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Power Women in Tech!

National Tech

A growing community of women make up the DC-area tech economy: They’re launching thriving startups, providing mentorship and funding, and putting the local tech scene on the international map. Behold the first batch of Power Women in Tech profiles. We’ll have more in the coming days and a Power Women in Tech event Feb. 21 at the Willard. Sign up


Elana Fine, Dingman Center for Entrepreneurship, managing director

Elana helps University of Maryland students create the next big thing. On any given day, the Dingman Center is buzzing with students getting mentoring from Elana's team on how to turn their ideas into businesses. She tells us her entrepreneurial and tech bugs started at Accenture, where she oversaw systems implementation projects and learned how to code. After getting her MBA at the University of Chicago, she worked in investment banking at Bear Stearns and then a startup investment bank. Her role at Dingman has special meaning since she, her mother, and sisters are Terps. Best lesson: Having a strong network can pay incredible dividends. 


Virginia Lee, Speek, chief of customer happiness

Virginia’s title at Speek for a long time was “employee No. 1.” Being the startup’s first official employee after its founders means she worked the (unpaid) hours to wear 50 different hats, one of which was helping get the conference calling app off the ground last summer. It has since spread like wild fire, with large companies like Dell offering it to its small business marketplace, and the Wall Street Journal naming Speek one of the top 20 startups of the year. Virginia’s job, which is now paid, is to make customers happy--no easy feat with any new tech product. Highlights so far have been helping take the product out of beta and fixing glitches along the way. Best lesson: Keep cool and level headed.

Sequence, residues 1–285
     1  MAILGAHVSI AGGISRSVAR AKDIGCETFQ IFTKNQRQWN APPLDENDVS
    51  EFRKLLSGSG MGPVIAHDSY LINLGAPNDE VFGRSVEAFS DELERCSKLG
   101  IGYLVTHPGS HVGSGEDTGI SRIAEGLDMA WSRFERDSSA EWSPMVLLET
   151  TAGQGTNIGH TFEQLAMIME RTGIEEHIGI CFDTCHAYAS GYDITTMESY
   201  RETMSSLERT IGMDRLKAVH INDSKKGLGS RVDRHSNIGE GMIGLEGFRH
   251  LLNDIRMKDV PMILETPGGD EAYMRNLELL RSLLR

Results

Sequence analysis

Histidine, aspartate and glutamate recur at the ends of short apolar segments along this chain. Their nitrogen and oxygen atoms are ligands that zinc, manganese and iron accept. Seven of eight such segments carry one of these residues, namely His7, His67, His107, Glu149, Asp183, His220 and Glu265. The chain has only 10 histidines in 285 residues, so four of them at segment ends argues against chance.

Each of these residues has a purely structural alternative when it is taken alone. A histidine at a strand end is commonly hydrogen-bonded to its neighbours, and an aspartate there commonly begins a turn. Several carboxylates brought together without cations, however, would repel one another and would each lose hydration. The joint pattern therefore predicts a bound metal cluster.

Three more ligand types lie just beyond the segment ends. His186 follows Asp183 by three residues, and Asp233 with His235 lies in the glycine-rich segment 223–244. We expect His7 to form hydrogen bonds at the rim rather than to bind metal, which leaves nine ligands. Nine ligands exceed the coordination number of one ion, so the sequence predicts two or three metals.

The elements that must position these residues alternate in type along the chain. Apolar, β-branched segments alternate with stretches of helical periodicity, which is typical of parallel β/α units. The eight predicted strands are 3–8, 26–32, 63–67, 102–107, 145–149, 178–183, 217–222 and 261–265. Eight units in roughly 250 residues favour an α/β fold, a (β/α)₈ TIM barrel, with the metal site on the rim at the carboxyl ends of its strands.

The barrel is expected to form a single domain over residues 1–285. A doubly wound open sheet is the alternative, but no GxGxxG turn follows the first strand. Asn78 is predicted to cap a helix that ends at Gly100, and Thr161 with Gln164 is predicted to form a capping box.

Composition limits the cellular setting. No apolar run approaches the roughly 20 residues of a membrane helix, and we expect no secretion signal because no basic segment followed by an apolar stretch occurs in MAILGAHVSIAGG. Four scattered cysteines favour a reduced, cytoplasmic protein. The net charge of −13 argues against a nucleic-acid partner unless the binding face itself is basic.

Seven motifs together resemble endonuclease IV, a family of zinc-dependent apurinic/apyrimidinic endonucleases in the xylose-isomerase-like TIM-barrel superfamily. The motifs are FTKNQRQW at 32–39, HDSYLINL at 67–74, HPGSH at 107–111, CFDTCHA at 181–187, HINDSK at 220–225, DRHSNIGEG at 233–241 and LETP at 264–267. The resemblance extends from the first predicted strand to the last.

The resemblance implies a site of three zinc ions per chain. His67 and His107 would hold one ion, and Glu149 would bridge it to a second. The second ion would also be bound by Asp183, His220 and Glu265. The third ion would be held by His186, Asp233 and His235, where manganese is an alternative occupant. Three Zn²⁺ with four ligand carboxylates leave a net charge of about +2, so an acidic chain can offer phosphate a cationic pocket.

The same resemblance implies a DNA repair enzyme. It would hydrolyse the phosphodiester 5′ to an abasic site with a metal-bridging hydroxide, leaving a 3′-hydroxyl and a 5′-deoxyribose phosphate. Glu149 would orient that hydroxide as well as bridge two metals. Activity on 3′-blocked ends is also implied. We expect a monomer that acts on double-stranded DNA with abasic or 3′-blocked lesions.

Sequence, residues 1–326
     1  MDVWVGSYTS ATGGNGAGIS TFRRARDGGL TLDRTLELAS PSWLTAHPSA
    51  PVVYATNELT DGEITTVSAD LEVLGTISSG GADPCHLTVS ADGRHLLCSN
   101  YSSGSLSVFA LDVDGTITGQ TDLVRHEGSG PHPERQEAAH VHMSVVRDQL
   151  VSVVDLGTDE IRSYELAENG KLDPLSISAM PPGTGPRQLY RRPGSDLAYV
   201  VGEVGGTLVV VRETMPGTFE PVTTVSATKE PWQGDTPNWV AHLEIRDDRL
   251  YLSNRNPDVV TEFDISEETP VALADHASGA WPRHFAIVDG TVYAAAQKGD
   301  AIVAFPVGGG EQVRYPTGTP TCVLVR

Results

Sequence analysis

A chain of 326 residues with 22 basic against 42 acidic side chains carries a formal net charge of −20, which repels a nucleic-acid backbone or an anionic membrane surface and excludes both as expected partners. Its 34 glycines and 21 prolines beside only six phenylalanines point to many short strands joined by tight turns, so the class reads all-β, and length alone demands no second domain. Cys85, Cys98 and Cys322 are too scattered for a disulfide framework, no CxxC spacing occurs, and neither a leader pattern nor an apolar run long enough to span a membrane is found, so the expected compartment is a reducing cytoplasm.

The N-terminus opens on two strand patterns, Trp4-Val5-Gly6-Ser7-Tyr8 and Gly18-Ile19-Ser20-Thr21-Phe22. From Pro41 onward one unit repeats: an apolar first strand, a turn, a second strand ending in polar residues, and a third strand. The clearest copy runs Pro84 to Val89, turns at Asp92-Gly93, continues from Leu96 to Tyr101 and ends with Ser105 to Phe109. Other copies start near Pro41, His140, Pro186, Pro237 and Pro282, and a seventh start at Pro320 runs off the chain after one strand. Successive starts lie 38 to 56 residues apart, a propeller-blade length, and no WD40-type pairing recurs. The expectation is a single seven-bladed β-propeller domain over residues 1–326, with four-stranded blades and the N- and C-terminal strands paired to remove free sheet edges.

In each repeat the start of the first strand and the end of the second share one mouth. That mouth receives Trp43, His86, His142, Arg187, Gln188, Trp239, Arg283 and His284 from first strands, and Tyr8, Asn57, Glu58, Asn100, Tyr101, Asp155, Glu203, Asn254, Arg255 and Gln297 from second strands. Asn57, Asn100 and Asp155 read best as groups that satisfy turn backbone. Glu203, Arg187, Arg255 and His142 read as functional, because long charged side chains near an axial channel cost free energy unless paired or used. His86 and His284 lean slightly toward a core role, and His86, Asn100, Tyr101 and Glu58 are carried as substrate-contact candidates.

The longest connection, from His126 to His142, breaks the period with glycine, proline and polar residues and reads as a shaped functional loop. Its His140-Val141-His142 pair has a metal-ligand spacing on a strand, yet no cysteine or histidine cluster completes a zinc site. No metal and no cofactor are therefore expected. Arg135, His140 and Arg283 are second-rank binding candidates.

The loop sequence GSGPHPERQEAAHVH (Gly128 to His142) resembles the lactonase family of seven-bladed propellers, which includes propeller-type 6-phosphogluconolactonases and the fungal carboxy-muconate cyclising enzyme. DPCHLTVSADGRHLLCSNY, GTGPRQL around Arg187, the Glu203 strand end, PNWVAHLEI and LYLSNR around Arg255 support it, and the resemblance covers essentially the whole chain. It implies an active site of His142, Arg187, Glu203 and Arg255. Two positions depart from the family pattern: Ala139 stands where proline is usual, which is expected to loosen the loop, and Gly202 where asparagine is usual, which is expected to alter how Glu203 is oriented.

Jen O’Daniel, CIT GAP Funds, senior associate

If you’re a Virginia-based startup in search of seed funding, you might want to become friends with Jen. She helps the CIT GAP Funds team decide on seed and early stage investments in tech, life science, and energy startups. The team has made 100 investments that have turned into $150M worth of follow-on rounds. A recent proud moment for the DC native was seeing Latista, the first company she took through CIT’s investment process, get acquired. She’s also working on spinning out and building companies from some of Virginia Tech’s research labs. Best lesson: You can do anything you set your mind to.


Ximena Hartsock, Phone2Action, founder

Ximena’s startup is giving the public a quick and easy way to communicate directly with lawmakers. She created the Phone2Action digital grassroots platform after working in advocacy and government and after noticing an absence of continuous and organic communication between people and elected officials. Since its launch last year, Phone2Action won SXSW's new technologies competition and closed contracts with several large groups, including the Consumer Electronics Association. Ximena says one of her biggest accomplishments was having the resilience to move to the US from Chile and build a career from scratch without family, connections, money, or English. Best lesson: Talent doesn't have a zip code and comes in every form and shape, so be open to working with anyone with the necessary drive. 


Carla Valdes, Handpressions founder and Fortify Ventures partner

Carla is a familiar face in the DC tech startup community. She co-managed VC firm Fortify Ventures for two years and helped launch one of the city’s first tech-focused accelerator programs, called The Fort. She then guided two classes of startups through the program. (The Fort recently closed.) Carla then caught the entrepreneurial bug and took a break from Fortify to launch Handpressions, although she continues to advise portfolio companies. The tablet app lets parents create art with their children’s handprints and footprints. Released last week, it's already hit 13,000 downloads. Best lesson: Ideas can be great, founders can be talented, teams could be the best of the best, but execution is everything.